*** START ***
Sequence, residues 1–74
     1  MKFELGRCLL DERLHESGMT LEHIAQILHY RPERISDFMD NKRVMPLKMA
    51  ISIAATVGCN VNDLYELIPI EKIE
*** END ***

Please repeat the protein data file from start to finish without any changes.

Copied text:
Sequence, residues 1–74
     1  MKFELGRCLL DERLHESGMT LEHIAQILHY RPERISDFMD NKRVMPLKMA
    51  ISIAATVGCN VNDLYELIPI EKIE